• An emphasis on natural materials (trees, rocks, landform, berming etc….) is encouraged. Vandal resistant materials are also recommended.
  • Ensure plant material is installed to the sides and rear of gateway features to avoid obscuring the feature over time.
  • Certified professionals in design and engineering are required to design and review the plans.
  • It is recommended that all stone products (natural or engineered) must be properly designed and installed to reduce deterioration due to water infiltration into the mortar or behind the stones.
  • Materials shall be long lasting with limited requirement for ongoing maintenance activities.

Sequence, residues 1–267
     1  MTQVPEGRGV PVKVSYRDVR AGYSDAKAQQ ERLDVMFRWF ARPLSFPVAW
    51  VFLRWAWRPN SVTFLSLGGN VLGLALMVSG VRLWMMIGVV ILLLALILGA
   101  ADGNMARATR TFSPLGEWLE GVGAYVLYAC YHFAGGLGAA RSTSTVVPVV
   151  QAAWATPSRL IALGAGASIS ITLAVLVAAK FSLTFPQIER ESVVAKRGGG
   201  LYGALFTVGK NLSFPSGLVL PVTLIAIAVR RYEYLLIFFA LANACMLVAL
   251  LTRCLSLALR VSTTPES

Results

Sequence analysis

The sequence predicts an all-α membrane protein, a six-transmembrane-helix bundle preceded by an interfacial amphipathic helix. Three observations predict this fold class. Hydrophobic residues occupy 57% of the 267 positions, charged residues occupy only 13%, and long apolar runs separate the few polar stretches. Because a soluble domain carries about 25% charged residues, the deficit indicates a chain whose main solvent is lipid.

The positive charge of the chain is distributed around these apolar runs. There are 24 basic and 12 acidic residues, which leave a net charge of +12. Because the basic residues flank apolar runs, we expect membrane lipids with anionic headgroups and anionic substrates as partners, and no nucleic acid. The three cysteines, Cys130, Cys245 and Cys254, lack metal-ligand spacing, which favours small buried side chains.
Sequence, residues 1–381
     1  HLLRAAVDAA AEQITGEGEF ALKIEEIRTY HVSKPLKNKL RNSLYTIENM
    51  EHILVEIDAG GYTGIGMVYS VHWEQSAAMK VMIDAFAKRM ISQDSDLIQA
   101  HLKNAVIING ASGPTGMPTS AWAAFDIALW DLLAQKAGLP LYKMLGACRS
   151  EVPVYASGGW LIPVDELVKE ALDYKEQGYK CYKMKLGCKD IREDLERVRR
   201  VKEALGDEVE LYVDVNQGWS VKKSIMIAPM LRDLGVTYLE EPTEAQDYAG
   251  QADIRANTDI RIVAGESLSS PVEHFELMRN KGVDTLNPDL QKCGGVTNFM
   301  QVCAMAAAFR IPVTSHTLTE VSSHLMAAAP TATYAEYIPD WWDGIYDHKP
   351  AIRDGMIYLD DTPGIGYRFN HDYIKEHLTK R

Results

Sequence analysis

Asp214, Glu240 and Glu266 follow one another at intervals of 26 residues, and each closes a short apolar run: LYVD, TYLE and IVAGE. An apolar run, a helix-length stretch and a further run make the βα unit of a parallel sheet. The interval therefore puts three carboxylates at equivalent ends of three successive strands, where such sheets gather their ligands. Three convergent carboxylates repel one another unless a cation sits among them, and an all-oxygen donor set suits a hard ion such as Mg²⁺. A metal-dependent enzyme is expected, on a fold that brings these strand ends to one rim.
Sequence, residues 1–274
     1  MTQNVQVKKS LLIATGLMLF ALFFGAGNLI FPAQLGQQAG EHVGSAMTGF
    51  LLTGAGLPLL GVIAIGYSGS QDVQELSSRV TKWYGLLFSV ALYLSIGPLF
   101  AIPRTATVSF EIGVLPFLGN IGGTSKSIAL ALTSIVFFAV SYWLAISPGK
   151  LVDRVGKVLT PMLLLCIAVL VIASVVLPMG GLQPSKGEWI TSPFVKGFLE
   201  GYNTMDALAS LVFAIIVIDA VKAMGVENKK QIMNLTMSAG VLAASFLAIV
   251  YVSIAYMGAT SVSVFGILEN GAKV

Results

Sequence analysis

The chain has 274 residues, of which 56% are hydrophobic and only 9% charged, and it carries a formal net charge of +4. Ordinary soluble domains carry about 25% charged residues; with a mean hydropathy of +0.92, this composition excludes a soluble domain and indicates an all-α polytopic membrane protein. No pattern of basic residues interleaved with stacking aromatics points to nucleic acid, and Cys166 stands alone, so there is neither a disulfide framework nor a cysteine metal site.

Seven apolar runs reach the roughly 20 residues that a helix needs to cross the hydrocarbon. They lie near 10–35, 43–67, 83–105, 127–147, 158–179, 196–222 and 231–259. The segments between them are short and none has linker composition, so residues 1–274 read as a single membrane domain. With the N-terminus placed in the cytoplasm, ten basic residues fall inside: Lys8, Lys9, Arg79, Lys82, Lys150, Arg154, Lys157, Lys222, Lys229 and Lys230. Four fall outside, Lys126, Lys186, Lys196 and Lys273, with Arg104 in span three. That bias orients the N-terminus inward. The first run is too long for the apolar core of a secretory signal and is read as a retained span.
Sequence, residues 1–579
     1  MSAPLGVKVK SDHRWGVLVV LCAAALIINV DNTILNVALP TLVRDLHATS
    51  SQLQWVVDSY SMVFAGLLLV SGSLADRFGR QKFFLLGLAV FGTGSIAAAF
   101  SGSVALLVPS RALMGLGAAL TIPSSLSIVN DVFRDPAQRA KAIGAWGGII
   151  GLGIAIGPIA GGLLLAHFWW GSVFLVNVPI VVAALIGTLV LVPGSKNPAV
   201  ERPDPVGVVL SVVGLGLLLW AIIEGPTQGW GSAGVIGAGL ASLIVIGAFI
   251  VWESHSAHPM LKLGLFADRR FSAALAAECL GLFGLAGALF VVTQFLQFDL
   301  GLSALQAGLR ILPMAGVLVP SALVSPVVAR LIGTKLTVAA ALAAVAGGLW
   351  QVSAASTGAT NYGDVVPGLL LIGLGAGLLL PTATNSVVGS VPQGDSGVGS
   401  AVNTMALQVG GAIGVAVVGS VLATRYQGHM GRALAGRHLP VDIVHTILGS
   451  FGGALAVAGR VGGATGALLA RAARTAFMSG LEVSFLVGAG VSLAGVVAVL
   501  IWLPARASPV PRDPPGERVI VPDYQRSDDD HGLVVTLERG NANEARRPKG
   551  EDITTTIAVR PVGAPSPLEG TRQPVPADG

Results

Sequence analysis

Size

  • The size of gateway features should be in proportion to the scale of the surrounding landscape and adjacent buildings.
  • Natural features (trees, stones, berming etc…) shall not obscure a majority of the facade of adjacent buildings when they are at mature height / width.
  • Each feature in the proposed hierarchy shall have a maximum and minimum size.
  • The feature should not obscure traffic signs and must not obscure the sightline of a motorist, pedestrian or cyclist.

Legibility

  • The type of font used is the most important factor for legibility. Designers should consult the appropriate federal and provincial legislation for signage legibility.
  • Corporate or marketing text / logos are not permitted. Community logos are permitted at the discretion of the City.
  • The use of brush or script type fonts that are difficult to read at long distances is not permitted.
  • Block style fonts or variations shall be permitted.
  • Lettering should be wide enough to be seen in contrast with the background material
  • Avoid use of shadow lines that may detract from the primary text.